destinyland writes "A science magazine asks an MIT professor, roboticists, artificial intelligence workers, and science fiction authors about the possibility of an uprising of machines. Answers range from 'of course it's possible' to 'why would an intelligent network waste resources on personal combat?' An engineering professor points out that bipedal robots 'are largely impractical,' and Vernor Vinge says a greater threat to humanity is good old-fashioned nuclear annihilation. But one roboticist says it's inevitable robots will eventually be used in warfare, while another warns of robots in the hands of criminals, cults, and other 'non-state actors.' 'What we should fear in the foreseeable future is not unethical robots, but unethical roboticists.'" The new movie got off to a good start, drawing $13.4 million in its first day. I found it reasonably entertaining; pretty much what I'd expect from a Terminator movie. If nothing else, I learned that being able to crash helicopters and survive being thrown into the occasional wall are the two most valuable skills to have during a robot uprising. What did you think?

Russia To Save Its ISS Modules 280

Posted by Soulskill
from the reduce-reuse-recycle dept.
jamax writes "According to the BBC, 'Russia is making plans to detach and fly away its parts of the International Space Station when the time comes to de-orbit the rest of the outpost. ... To facilitate the plan, RKK Energia, the country's main ISS contractor, has already started developing a special node module for the Russian segment, which will double as the cornerstone of the future station. ... Unlike many Nasa and European space officials, Russian engineers are confident that even after two decades in orbit, their modules would be in good enough shape to form the basis of a new space station. "We flew on Mir for 15 years and accumulated colossal experience in extending the service life (of such a vehicle)," said a senior Russian official at RKK Energia...' Is Russia the last country where engineers are not (yet) forced by corporations to intentionally produce designs that fail two days after warranty expires? There used to be a lot of equipment manufactured by various countries (Germany is the first one that comes to mind) that lasted virtually forever — old cars or weapons systems, but one rarely sees anything of the sort these days."
The Military

Mariners Develop High Tech Pirate Repellents 830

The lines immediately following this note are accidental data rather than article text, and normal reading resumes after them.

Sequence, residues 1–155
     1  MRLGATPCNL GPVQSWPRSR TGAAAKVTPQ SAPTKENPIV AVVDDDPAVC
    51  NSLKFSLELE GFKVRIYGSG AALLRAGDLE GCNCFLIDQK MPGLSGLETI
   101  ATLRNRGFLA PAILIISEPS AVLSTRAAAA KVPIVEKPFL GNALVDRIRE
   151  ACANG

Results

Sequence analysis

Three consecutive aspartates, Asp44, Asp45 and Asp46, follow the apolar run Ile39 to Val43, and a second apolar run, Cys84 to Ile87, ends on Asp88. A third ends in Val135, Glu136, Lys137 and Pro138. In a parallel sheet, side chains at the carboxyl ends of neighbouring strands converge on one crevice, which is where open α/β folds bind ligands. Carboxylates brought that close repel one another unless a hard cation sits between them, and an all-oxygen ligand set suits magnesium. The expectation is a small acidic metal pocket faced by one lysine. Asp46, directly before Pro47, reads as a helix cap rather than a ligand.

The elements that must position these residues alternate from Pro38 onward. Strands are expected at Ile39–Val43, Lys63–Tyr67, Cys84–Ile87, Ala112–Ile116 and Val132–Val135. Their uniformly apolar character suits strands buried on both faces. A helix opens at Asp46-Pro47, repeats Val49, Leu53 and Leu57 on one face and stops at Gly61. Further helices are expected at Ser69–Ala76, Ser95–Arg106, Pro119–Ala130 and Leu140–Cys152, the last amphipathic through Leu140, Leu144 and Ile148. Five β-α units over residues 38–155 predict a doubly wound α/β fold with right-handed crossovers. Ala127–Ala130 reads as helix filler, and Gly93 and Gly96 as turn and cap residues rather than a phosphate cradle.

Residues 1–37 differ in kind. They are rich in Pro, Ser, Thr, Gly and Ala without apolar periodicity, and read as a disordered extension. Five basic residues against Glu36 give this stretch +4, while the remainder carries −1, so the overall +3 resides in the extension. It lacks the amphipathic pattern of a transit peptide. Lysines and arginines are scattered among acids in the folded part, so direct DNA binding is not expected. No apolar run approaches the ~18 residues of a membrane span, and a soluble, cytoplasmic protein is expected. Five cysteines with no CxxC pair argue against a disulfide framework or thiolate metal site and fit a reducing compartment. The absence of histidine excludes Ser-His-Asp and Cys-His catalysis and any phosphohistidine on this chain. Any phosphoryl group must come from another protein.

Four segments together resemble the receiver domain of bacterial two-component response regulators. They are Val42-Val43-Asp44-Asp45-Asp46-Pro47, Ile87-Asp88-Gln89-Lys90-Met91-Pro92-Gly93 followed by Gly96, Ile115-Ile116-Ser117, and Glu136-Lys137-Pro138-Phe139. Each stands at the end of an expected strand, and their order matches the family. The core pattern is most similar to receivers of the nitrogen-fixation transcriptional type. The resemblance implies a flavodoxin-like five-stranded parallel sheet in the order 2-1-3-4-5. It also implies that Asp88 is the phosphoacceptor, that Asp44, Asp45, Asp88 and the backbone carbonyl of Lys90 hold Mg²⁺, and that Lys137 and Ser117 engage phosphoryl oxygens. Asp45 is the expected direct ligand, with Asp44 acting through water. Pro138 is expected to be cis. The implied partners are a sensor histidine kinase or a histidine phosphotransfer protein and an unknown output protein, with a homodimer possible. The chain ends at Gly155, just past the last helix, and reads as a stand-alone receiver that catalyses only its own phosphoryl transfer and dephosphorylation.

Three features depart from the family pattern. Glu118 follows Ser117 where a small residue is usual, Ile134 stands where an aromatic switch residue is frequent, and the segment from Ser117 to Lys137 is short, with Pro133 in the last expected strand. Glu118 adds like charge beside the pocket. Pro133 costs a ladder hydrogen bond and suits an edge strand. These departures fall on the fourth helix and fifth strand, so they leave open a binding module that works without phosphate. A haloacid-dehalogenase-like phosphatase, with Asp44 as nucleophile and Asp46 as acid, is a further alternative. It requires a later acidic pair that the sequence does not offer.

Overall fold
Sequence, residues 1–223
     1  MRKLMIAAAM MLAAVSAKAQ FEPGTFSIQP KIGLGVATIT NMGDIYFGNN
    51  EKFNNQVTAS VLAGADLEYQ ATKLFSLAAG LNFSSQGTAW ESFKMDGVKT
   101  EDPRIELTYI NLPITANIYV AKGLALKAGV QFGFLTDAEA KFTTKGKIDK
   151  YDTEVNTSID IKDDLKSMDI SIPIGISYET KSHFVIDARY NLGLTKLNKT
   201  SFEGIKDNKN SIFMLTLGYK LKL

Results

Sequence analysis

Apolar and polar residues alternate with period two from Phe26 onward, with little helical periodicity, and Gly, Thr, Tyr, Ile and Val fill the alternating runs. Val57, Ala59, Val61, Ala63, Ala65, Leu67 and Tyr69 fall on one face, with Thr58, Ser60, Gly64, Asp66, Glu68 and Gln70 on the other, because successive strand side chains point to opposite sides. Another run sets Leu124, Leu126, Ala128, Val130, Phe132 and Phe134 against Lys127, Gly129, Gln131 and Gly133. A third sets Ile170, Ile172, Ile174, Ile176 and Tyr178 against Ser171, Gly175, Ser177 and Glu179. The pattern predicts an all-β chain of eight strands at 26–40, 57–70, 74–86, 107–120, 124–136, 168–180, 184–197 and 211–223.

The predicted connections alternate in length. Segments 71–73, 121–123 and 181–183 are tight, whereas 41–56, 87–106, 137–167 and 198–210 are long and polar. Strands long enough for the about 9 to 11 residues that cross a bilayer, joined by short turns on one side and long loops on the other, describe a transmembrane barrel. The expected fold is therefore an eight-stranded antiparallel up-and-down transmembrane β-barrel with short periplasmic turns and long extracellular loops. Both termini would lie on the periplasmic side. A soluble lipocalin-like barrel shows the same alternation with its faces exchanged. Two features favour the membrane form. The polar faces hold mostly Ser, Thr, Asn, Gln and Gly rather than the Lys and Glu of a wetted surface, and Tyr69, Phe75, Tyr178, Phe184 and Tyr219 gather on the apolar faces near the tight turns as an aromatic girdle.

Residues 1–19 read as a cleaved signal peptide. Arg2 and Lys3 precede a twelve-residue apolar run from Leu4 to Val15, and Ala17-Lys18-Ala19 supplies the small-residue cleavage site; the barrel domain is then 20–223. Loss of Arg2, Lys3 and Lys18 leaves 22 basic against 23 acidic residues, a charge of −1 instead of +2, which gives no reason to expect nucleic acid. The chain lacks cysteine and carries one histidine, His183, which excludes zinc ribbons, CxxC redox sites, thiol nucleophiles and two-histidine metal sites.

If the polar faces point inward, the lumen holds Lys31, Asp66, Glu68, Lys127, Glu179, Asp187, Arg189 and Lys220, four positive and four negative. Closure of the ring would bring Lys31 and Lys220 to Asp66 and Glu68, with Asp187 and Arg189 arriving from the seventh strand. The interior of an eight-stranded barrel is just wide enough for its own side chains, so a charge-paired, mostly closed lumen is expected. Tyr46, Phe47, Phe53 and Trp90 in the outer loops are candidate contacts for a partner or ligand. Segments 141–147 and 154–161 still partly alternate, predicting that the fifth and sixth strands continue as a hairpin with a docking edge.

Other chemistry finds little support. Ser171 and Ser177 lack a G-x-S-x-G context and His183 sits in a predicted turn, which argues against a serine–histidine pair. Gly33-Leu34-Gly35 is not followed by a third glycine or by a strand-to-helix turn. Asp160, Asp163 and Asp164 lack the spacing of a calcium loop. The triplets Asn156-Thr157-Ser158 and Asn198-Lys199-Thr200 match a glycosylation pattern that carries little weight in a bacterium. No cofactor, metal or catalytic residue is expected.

Posted by samzenpus
from the scuttle-the-ship dept.
Hugh Pickens writes "NPR reports that owners of ships that ply the dangerous waters near Somalia are looking at options to repel pirates including slippery foam, lasers, electric fences, water cannons and high-intensity sound — almost anything except guns. One defense is the Force 80 squirt gun with a 3-inch nozzle that can send 1,400 gallons a minute 100 yards in any direction. 'It is a tremendous force of water that will knock over anything in its path and will also flood a pirate's ship very quickly,' says Roger Barrett James of the the Swedish company Unifire. Next is the Mobility Denial System, a slippery nontoxic foam that can be sprayed on just about any surface making it impossible to walk or climb even with the aid of a harness. The idea would be to spray the pirate's vessel as it approached, or to coat ropes, ladders, steps and the hull of the ship that's under attack. The Long Range Acoustic Device, or LRAD, a high-powered directional loudspeaker allows a ship to hail an approaching vessel more than a mile away. 'Knowing that they've lost the element of surprise is half the battle,' says Robert Putnam of American Technology Corp. The LRAD has another feature — a piercing "deterrent tone" that sounds a bit like a smoke detector alarm with enough intensity to cause extreme pain and even permanent hearing loss for anyone directly in the beam that comes from the device. But Capt. John Konrad, who blogs for the Web site, says no anti-pirate device is perfect. 'The best case scenario is that you find these vessels early enough that you can get a Navy ship detached to your location and let them handle the situation.'"
Operating Systems

A Secure OS For the Dalai Lama? 470

Posted by timothy
from the one-that-works-only-at-high-altitudes dept.
Jamyang (Greg Walton) writes "I am editor of the Infowar Monitor and co-author of the recent report, Tracking Ghostnet. I have been asked by the Office of His Holiness, the Dalai Lama (OHHDL) and the Tibetan Government in Exile (TGIE) to offer some policy recommendations in light of the ongoing targeted malware attacks directed at the Tibetan community worldwide. Some of the recommendations are relatively straightforward. For example, I will suggest that OHHDL convene an international Board of Advisers, bringing together some of the brightest minds in computer and international security to advise the Tibetans, and that the new Tibetan university stands up a Certified Ethical Hacking course. However, one of the more controversial moves being actively debated by Tibetans on the Dharamsala IT Group [DITG] list, is a mass migration of the exile community (including the government) to Linux, particularly since all of the samples of targeted malware collected exploit vulnerabilities in Windows. I would be very interested to hear Slashdot readers opinions on this debate here." (More below.)

% APL is a natural extension of assembler language programming; ...and is best for educational purposes. -- A. Perlis